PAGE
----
Anyone who has swum past a stingray or spotted a shark at Lady Elliot Island can contribute to scientific research aimed at protecting critical habitats in the Great Barrier Reef.
Researchers from the USC-led ‘Leaf to Reef: Biodiversity of Lady Elliot Island’ project are asking for citizen scientists to help compile a comprehensive species list of mammals, marine life and seabirds on and around the island.
“We have set ourselves the huge task of quantifying the island’s biodiversity and we can’t do it alone,” Leaf to Reef Project leader, USC marine biologist Dr Kathy Townsend, said.
The research project is part of the Reef Islands Initiative by the Great Barrier Reef Foundation which aims to establish a network of climate change refuges by protecting critical habitats in the world's largest coral reef system.
Located at the southern end of the Reef, Lady Elliot Island has been identified as a natural “Noah’s ark”, due to its importance as a wildlife refuge and a shelter from the harshest impacts of global climate change for northern tropical species.
“As a first step we are seeking photos of all vertebrate species – birds, turtles, sharks, fish and mammals – that people may have taken on previous visits to the island,” Dr Townsend said.
Now that lockdown restrictions have lifted and people can again travel to the island, the research team is also launching a four-year ‘BioBlitz’ or field study, with all visitors asked to join in the baseline data survey.
“It is as simple as visitors taking photographs and videos to capture their experiences with the incredible marine life and seabirds on the island and then sharing them with the research team,” Dr Townsend said.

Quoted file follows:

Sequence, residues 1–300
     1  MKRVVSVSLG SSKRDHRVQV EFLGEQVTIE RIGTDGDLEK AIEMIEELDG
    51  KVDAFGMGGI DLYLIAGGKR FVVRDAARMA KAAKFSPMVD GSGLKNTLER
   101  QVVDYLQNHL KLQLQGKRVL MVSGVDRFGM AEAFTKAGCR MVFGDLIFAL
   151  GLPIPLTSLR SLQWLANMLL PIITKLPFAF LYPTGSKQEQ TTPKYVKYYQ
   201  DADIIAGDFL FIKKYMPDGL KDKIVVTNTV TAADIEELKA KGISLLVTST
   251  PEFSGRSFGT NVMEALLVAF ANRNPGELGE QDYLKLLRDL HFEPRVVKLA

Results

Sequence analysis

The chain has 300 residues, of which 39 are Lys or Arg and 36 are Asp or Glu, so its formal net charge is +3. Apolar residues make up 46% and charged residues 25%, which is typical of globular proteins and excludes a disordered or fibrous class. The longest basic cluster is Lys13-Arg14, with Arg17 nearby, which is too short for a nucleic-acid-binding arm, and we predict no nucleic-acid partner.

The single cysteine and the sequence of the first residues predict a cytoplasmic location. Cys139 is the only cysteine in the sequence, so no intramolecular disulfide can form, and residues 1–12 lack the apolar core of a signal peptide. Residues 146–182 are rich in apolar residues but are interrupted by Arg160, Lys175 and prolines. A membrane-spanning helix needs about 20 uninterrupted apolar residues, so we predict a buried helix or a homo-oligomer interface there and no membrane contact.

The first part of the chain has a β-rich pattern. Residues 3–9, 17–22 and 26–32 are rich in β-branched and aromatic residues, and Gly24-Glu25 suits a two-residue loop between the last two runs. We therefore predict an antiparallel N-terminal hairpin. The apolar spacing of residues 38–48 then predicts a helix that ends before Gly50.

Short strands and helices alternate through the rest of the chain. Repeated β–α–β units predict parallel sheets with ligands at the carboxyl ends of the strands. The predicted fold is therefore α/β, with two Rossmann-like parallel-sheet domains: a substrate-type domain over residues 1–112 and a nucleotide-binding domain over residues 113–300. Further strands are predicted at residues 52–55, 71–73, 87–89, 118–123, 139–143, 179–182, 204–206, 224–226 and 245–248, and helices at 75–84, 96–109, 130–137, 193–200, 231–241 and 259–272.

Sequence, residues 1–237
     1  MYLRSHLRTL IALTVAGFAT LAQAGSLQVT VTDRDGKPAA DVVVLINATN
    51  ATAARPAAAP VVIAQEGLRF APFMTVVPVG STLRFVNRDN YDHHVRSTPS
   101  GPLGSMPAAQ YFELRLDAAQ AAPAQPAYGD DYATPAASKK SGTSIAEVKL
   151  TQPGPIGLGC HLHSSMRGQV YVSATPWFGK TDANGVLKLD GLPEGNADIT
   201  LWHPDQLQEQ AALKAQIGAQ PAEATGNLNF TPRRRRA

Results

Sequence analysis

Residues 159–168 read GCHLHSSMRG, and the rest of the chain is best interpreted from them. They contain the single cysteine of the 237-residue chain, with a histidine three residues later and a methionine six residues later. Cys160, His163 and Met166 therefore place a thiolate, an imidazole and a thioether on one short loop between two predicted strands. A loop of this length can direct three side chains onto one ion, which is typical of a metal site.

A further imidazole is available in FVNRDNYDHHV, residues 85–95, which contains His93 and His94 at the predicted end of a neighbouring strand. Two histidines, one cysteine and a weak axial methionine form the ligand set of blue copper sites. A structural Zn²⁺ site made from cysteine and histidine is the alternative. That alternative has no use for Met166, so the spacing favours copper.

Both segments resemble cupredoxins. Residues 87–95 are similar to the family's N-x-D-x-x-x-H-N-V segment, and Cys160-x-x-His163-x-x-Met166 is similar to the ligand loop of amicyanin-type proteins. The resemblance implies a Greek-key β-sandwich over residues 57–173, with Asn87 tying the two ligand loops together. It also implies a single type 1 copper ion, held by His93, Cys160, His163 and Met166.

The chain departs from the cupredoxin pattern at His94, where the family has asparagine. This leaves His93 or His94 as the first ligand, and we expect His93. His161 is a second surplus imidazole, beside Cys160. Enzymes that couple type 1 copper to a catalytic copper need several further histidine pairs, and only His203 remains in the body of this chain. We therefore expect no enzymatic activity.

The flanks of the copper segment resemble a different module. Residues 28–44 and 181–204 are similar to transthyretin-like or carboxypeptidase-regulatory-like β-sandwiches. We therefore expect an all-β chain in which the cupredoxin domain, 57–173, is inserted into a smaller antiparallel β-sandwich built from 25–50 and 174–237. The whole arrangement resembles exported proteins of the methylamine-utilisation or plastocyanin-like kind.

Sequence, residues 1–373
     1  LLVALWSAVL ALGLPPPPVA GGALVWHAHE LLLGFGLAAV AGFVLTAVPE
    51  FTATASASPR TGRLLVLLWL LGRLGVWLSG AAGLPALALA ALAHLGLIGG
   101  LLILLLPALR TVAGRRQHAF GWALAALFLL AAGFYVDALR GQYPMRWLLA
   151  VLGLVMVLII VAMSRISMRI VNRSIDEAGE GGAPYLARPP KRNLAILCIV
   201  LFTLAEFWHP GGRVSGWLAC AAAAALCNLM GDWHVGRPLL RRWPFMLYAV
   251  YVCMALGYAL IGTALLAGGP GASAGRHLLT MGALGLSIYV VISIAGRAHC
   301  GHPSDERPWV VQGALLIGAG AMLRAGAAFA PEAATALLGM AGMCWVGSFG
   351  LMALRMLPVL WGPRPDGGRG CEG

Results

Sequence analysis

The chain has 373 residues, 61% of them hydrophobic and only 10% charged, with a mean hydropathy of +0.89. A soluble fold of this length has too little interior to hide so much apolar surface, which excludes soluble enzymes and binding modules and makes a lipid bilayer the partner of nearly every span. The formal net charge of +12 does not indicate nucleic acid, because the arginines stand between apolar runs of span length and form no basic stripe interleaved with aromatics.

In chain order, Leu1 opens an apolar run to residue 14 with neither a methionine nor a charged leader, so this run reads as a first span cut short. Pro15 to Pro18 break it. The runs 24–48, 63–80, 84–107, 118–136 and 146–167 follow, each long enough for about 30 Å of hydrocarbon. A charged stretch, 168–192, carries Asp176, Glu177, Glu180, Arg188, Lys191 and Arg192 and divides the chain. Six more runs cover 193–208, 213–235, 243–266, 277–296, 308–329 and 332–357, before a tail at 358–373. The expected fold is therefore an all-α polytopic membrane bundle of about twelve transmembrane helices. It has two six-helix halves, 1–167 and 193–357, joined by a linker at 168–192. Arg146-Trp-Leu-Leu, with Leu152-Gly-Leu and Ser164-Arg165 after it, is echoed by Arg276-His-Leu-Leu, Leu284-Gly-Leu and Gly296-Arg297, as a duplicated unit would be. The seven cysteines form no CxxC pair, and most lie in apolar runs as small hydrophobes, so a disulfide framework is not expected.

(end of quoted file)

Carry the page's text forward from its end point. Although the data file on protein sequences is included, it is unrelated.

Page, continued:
Despite its importance, researchers said scientific knowledge about Lady Elliot Island was limited.
“For example, the Great Barrier Reef has 134 known species of sharks and rays in its waters, but we have no idea how many of them can be found around Lady Elliot Island,” Dr Townsend said.
“With the help of citizen scientists, we will be able to see how the island’s biodiversity is changing due to species drift, allowing us to measure the impact of climate change and act to safeguard against it.”
Research team member Asia Haines said other projects, such as Project Manta, had shown how successful involving community members in gathering scientific data could be.
“Close to 70 percent of the east coast database for Project Manta, which is investigating the biology and ecology of manta rays in Australia, has been contributed by recreational and professional divers,” said Ms Haines, a USC Research Fellow.
She said a silver lining of the pandemic lockdown was that many people might have had some extra time to search through their old photos and videos.
“Some contributed photos from Project Manta date back to 1968, so it doesn’t matter how long ago people may have visited Lady Elliot Island,” she said.
People are asked to send images and videos, with the date and approximate location of their wildlife and marine life sightings, to email@example.com or submit them through www.facebook.com/Leaf-to-Reef-Biodiversity-of-Lady-Elliot-Island and #LeafToReef.
The project team includes researchers from USC, University of Queensland and Southern Cross University, and is supported by Lady Elliot Island Eco Resort and Queensland Parks and Wildlife Service.
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